High school football players across the country are following San Francisco 49ers quarterback Colin Kaepernick's lead in his protest of social injustices by kneeling during the national anthem at their own games.
The action has resulted in players in many states, including Alabama, Massachusetts, and New Jersey, being suspended while others have reported harassment or threats because of it.
Mary Boyle, Superintendent of the Catholic Schools Diocese of Camden, New Jersey, wrote in response to the incidents that schools are not required to offer free speech as a guaranteed right.
Boyle told administrators and coaches at the school that any player who did not "demonstrate appropriate respect" by choosing to not stand during the national anthem would face game or team suspensions.
While Kaepernick has received mounting criticism for his stance, he continues to play with his team each week. Despite not having the support of the 49ers or the NFL, he has also not been threatened with any punishment for his actions. Meanwhile, high school administrators and coaches must walk a fine line between the right to free speech and keeping order among students.
Bob Farrace, director of public affairs for the National Association of Secondary School Principals, noted a ruling by the Supreme Court in 1969 that allowed public school students in Iowa to wear black armbands as a form of silent protest against the Vietnam War. However, Farrace added, "There are limits on students' free speech."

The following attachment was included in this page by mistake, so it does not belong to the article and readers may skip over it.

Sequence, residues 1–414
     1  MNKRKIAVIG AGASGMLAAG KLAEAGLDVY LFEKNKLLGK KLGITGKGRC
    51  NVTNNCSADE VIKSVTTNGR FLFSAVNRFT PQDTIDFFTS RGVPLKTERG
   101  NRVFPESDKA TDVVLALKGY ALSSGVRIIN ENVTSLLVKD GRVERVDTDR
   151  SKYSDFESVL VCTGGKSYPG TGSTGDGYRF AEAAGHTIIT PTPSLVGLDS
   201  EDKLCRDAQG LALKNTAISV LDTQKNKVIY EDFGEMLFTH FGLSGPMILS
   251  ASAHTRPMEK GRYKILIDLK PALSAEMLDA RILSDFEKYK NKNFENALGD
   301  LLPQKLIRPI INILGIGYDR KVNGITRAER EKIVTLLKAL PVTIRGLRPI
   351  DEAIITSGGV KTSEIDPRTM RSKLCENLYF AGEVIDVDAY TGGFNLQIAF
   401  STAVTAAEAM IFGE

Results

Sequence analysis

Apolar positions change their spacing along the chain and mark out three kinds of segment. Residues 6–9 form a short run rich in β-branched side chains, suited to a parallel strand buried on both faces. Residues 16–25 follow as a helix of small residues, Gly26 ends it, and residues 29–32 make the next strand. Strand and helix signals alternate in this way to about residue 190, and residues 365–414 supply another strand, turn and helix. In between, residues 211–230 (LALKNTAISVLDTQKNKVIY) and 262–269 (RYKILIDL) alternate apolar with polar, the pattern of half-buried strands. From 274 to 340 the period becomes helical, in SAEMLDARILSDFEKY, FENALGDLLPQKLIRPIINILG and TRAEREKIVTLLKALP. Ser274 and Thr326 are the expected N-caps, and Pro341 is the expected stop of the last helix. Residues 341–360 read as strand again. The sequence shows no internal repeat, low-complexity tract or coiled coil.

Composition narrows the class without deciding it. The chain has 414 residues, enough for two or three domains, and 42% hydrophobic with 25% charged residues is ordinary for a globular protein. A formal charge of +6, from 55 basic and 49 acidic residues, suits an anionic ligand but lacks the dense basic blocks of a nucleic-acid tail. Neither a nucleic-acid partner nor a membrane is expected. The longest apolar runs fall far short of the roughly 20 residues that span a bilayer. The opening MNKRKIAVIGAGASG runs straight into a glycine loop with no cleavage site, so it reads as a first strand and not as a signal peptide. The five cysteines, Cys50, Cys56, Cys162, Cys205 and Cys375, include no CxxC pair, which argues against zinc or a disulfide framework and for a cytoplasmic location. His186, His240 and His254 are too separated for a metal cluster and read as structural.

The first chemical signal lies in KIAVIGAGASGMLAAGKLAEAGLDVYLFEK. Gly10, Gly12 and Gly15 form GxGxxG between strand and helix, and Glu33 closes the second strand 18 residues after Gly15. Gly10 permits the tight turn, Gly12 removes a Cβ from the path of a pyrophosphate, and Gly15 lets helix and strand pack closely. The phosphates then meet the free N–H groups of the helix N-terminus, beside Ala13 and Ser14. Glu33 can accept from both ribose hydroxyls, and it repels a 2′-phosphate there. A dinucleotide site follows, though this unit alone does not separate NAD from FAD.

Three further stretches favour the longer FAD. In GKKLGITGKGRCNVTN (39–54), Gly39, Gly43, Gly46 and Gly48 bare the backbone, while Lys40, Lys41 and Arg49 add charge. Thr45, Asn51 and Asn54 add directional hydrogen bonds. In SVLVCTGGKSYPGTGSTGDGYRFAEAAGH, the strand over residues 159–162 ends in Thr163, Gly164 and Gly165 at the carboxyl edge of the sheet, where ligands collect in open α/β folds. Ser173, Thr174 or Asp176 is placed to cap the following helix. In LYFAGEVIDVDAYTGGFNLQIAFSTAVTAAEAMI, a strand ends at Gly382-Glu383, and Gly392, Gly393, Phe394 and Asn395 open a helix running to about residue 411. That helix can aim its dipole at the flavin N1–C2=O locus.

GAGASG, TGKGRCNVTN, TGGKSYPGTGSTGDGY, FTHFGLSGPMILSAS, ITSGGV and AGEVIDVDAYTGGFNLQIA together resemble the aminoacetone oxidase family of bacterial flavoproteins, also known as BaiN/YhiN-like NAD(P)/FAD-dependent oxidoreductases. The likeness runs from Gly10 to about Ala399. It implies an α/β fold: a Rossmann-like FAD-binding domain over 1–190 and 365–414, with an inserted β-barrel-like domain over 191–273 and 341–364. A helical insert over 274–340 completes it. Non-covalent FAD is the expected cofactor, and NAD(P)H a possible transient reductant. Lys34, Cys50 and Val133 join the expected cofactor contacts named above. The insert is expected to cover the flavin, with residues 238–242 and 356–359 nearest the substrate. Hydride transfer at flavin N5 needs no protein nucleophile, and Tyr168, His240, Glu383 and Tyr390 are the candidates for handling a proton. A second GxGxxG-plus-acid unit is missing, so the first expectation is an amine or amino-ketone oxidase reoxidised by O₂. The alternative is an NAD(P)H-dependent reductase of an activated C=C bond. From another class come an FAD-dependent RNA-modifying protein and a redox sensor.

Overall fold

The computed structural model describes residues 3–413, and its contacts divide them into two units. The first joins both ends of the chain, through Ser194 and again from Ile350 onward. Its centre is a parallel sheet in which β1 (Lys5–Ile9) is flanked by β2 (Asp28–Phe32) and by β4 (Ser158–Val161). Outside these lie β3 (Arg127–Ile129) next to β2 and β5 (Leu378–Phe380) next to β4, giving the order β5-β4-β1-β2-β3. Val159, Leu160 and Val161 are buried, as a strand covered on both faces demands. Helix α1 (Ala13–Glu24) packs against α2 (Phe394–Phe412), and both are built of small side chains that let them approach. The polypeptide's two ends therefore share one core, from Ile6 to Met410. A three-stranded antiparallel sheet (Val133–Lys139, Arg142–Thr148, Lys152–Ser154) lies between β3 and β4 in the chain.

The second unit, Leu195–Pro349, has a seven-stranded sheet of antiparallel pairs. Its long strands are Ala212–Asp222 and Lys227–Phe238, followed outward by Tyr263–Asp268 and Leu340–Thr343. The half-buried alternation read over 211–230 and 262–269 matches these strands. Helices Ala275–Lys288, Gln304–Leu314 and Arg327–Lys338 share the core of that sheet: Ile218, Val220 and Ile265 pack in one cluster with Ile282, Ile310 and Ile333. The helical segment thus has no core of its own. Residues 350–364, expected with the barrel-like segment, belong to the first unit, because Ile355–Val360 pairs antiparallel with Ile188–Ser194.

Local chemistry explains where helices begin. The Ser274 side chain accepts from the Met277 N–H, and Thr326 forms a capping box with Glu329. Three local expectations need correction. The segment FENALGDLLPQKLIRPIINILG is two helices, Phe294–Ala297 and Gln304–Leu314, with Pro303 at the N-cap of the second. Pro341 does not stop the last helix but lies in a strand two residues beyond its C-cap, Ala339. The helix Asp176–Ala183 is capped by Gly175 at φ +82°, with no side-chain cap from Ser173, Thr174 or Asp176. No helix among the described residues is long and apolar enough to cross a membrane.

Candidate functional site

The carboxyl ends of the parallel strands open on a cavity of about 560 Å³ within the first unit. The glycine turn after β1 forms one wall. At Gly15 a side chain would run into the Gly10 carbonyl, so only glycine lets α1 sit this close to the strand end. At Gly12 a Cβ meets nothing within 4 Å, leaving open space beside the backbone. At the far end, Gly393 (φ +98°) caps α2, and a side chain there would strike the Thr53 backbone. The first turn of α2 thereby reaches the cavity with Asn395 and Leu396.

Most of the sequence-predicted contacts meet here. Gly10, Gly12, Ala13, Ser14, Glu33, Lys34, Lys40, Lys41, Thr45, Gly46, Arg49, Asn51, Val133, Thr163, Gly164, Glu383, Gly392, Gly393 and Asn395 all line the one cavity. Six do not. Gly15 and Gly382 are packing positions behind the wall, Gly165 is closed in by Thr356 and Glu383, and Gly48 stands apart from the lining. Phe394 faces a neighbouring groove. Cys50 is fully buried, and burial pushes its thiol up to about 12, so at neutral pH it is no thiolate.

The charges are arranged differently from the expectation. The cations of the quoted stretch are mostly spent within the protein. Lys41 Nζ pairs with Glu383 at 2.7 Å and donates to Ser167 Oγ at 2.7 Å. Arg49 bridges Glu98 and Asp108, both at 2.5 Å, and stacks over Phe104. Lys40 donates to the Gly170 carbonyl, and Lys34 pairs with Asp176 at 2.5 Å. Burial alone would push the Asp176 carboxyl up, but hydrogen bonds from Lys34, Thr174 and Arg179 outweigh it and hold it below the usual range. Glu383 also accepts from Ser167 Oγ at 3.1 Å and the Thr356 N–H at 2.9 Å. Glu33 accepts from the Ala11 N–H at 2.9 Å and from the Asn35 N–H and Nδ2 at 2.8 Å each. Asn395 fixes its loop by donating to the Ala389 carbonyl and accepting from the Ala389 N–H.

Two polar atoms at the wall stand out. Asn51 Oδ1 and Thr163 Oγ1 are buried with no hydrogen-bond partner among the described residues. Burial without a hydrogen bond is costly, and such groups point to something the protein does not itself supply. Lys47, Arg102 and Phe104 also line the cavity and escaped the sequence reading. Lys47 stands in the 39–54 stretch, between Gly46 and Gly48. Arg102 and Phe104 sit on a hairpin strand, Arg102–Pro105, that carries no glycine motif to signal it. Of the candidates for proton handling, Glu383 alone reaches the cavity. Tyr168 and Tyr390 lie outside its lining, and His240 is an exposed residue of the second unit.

Michael Walker, director of the Office of Black Male Student Achievement in the Minneapolis Public Schools, said he used the NFL protests as a way to begin research into the verses of the national anthem with his class. At the time, he was unaware that six or seven of the football players in his class had planned to protest the anthem by kneeling during the game held last Friday night.
"We want to make sure that our students have the space and safety to share their thoughts, their beliefs, their perspectives on different things that are happening within their community, within our society and so this is no different," he said. "We let them make decisions on their own with the information that they have. But what we also discussed with them â¦ (were the) consequences for your actions. You have to understand that there is always two sides. There will be some people who will support you. There will be some people who will not support you in your stance and how are you ready to handle the repercussions of that?"
Meanwhile, junior quarterback Michael Oppong at Doherty Memorial High School in Worcester, Massachusetts stated he was informed that he would be suspended for one game after he announced plans to kneel during the anthem before a game. However, Worcester Superintendent Maureen Binienda has since released a statement saying that Oppong had not broken any school rules through his silent protest, adding that it was within his constitutional rights to do so and that no punishment would be handed out.
Students are not the only ones to join in the protest. Football coach Preston Brown, who works at Woodrow Wilson High School in Camden, knelt during the national anthem before the first game of his team's season in an effort to bring attention to social injustices and economic disparities, writes Aaron Carter for Philly.com. While he did not suggest that any of the players follow suit, all but two did.